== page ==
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Dynamic electrochromism for all-season radiative thermoregulation


Radiative thermoregulation can reduce the energy consumption for heating, ventilation and air-conditioning (HVAC) in buildings, and therefore contribute substantially to climate change mitigation. Electrochromism, a phenomenon in which a material exhibits reversible colour changes under an external electrical stimulus, can help control the heat balance of buildings in response to fluctuating weather conditions; however, its implementation has been largely limited to visible and near-infrared wavelength regimes. Here we develop an aqueous flexible electrochromic design for use as a building envelop based on graphene ultra-wideband transparent conductive electrode and reversible copper electrodeposition, in which the thermal emissivity can be tailored to vary between 0.07 and 0.92 with excellent long-term durability. Building energy simulations show that our design as building envelopes can save on year-round operational HVAC energy consumption across the United States by up to 43.1 MBtu on average in specific zones. Such dynamic emissivity tunability can further serve as a non-destructive technological solution to retrofit poorly insulated or historic buildings. Our work suggests a feasible pathway to radiative thermoregulation for more energy-efficient HVAC and solving some of the global climate change issues.

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Fig. 1: Concept and advantages of the electrochromic mid-IR modulation system with an aqueous electrolyte.
Fig. 2: Elementary and mid-IR tunability analysis.
Fig. 3: Characterization and theoretical explanation of the performance enhancement by Pt modification.
Fig. 4: Smart building envelope for all-season energy saving application.

Data availability

All data needed to support the conclusions in the paper are present in the manuscript and/or Supplementary Information. Additional data related to this paper may be requested from the corresponding authors.

Code availability

Codes for DFT simulation are available on GitHub at Custom codes in Matlab and Python used for EMT calculation, building energy saving simulation and postprocessing are available upon written request from the corresponding authors.


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We thank M. D. McGehee and A. L. Yeang (University of Colorado, Boulder, Department of Chemical and Biological Engineering) for the valuable discussion regarding electrodeposition and electrolyte synthesis, G. Tan (Zhejiang University) for kindly helping with the building energy saving calculation, and D. Wang (University of Chicago, Department of Chemistry) for helping with EDX mapping. The project was sponsored by the Collaboration Grants for Climate Change from Nicholas Institute for Energy, Environment & Sustainability and the startup fund by Pratt School of Engineering at Duke University.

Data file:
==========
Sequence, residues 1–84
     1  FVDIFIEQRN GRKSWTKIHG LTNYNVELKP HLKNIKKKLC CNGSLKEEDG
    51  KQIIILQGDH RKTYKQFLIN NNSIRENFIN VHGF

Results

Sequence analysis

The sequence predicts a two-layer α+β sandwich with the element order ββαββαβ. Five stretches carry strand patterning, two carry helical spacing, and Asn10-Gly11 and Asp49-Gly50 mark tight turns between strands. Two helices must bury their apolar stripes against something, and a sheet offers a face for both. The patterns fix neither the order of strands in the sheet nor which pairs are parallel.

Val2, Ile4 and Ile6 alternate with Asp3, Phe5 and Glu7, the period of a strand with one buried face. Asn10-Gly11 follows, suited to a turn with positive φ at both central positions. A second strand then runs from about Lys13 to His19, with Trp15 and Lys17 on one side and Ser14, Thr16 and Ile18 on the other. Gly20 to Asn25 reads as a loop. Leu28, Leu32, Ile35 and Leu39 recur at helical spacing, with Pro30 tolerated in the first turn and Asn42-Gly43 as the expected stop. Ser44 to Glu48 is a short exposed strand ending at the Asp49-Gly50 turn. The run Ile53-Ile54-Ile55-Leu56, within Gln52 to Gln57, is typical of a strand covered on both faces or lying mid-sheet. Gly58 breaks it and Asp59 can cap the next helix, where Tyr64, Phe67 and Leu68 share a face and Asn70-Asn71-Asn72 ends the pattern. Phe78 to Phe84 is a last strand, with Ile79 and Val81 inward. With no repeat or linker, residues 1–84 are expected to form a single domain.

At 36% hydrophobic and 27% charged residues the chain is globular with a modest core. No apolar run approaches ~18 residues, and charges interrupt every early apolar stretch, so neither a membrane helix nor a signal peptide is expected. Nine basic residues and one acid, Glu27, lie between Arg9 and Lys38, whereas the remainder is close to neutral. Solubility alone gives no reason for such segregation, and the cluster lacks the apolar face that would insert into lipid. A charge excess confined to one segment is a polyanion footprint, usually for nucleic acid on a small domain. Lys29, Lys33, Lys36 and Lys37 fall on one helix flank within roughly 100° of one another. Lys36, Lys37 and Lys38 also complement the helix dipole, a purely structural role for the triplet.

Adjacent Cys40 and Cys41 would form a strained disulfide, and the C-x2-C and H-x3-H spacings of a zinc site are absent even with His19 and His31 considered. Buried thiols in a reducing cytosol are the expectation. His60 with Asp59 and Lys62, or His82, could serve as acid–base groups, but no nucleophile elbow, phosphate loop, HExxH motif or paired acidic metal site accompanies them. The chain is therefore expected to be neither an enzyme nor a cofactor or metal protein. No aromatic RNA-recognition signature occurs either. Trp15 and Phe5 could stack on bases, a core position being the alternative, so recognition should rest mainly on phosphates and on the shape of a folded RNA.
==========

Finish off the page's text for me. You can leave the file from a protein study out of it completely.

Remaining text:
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Authors and Affiliations



P.-C.H. and C.S. conceived the idea. C.S. performed all the experiments, optical fitting, building energy simulation and corresponding data analyses. T.-H.C. helped with the heat transfer measurement. V.V. and J.P. performed the DFT calculation. Y.-T.L., Y.R. and J.L. helped with the transparent electrode fabrication. X.L. helped with the energy saving calculation. Y.H. helped with the SEM and EDX mapping. R.W. and K.W. helped with the hydrophobic treatment and mid-IR transparent pigment spray-coating experiments. C.S., J.P. and P.-C.H. wrote the manuscript with input from all co-authors.

Corresponding authors

Correspondence to Venkatasubramanian Viswanathan or Po-Chun Hsu.

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Competing interests

P.-C.H., C.S. and Y.R. have a 2021 US patent application (63/256,136). The other authors declare no competing interests.

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Nature Sustainability thanks Yi Long, Junqiao Wu and the other, anonymous, reviewer(s) for their contribution to the peer review of this work.

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Supplementary Figs. 1–34, Discussion, Notes and Tables 1–6.

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Sui, C., Pu, J., Chen, TH. et al. Dynamic electrochromism for all-season radiative thermoregulation. Nat Sustain (2023).

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